The IEDA’s International Trade Office connects Iowa companies with markets for their products and services, educates Iowa businesses on exporting and assists global companies wishing to establish or expand operations in Iowa. To find out more about these services or other trade missions that the IEDA is planning, please visit iowaeconomicdevelopment.com.

No. 1 milk company declares bankruptcy amid drop in demand

(AP)  Dean Foods, America’s biggest milk processor, filed for bankruptcy Tuesday amid a decades-long drop-off in U.S. milk consumption blamed on changing trends and a growing variety of alternatives.

The Dallas company said it may sell itself to the Dairy Farmers of America, a marketing cooperative owned by thousands of farmers.

“Despite our best efforts to make our business more agile and cost-efficient, we continue to be impacted by a challenging operating environment marked by continuing declines in consumer milk consumption,” CEO Eric Berigause said in a statement.

Since 1975, the amount of milk consumed per capita in the U.S. has tumbled more than 40%. Americans consumed around 24 gallons per year in 1996, according to government data. That dropped to 17 gallons in 2018.

An increasing variety of beverages, including teas and sodas, has hurt milk consumption. So have protein bars and other on-the-go breakfasts, which take the place of a morning bowl of cereal.

More recently, health and animal-welfare concerns have also contributed, as more shoppers seek out non-dairy alternatives like almond milk. Oat milk, for example, saw U.S. sales rise 636% to more than $52 million over the past year, according to Nielsen data.

Sales of cow’s milk have dropped an average of 6% per year over the last four years, Nielsen said.

That has hit dairy farms and milk sellers hard, leading some smaller family farmers to quit the business.

It also had an outsize effect on Dean Foods, which derived 67% of its sales from fluid milk last year, according to its annual report. Fifteen percent came from ice cream and just 4% came from fruit juice, iced tea, water and flax-based beverages.

Dean employs 16,000 people and operates 60 processing facilities across the country. On any given day, it is running 8,000 refrigerated delivery trucks on U.S. roads.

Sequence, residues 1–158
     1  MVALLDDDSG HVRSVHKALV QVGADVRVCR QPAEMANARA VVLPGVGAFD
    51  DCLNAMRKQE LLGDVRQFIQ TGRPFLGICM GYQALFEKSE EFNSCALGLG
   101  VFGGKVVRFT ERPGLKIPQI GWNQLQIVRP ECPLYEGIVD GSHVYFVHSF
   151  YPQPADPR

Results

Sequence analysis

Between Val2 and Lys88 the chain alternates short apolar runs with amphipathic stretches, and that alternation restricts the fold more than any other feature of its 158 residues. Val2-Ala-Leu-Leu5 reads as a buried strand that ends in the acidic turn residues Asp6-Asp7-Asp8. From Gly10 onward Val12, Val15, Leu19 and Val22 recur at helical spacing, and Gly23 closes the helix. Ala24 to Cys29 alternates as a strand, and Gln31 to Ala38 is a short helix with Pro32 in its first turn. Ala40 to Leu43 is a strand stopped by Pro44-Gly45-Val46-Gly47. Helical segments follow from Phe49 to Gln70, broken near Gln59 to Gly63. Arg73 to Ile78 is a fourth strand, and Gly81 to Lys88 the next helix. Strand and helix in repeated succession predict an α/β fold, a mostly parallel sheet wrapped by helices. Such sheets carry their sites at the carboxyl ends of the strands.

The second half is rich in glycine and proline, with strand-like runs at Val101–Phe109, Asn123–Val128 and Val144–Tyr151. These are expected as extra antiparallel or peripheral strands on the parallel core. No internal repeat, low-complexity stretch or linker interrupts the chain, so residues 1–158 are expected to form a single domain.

The company supplies milk for its own brands, like Dairy Pure, Meadow Gold and TruMoo, as well as store brands. One big blow came last year, when Walmart opened its own milk processing plant in Indiana.

Dean has lost money in eight of its last 10 quarters and posted declining sales in seven of the last eight.

The company said it will continue operating normally while it puts its finances in order under Chapter 11 bankruptcy. It has lined up about $850 million in financing from lenders.

Peterson, Conaway Congratulate Farm Bureau on Centennial

Today marks the 100th anniversary of the American Farm Bureau Federation (AFBF). House Agriculture Committee Chairman Collin Peterson of Minnesota and Ranking Member K. Michael Conaway of Texas released the following statements congratulating AFBF on this accomplishment and their century of dedication to farmers, ranchers, and rural America:

“The American Farm Bureau Federation has a longstanding tradition of advocacy on behalf of agriculture and rural America,” Chairman Peterson said. “Their organization, founded by a grassroots movement, assures the voices of America’s farmers, ranchers and rural communities are heard in legislative matters in local and state governments, as well as in Washington, D.C. Because of AFBF’s dedication to being vocal and reliable advocates for the agriculture community, we have introduced H. Res. 45 congratulating AFBF on a century of work on behalf of rural America.”

“For 100 years, the American Farm Bureau Federation has been an unwavering voice and source of support for rural America,” Ranking Member Conaway added. “I had the pleasure of working closely with Farm Bureau President Zippy Duvall as we crafted the 2018 Farm Bill, and I could not be more grateful for the Farm Bureau’s lasting commitment to serving America’s farm and ranch families. Congratulations to all the men and women of the Farm Bureau, past, present, and future, on this remarkable milestone.”

NBB Releases New Report on the Importance of the Biodiesel Tax Incentive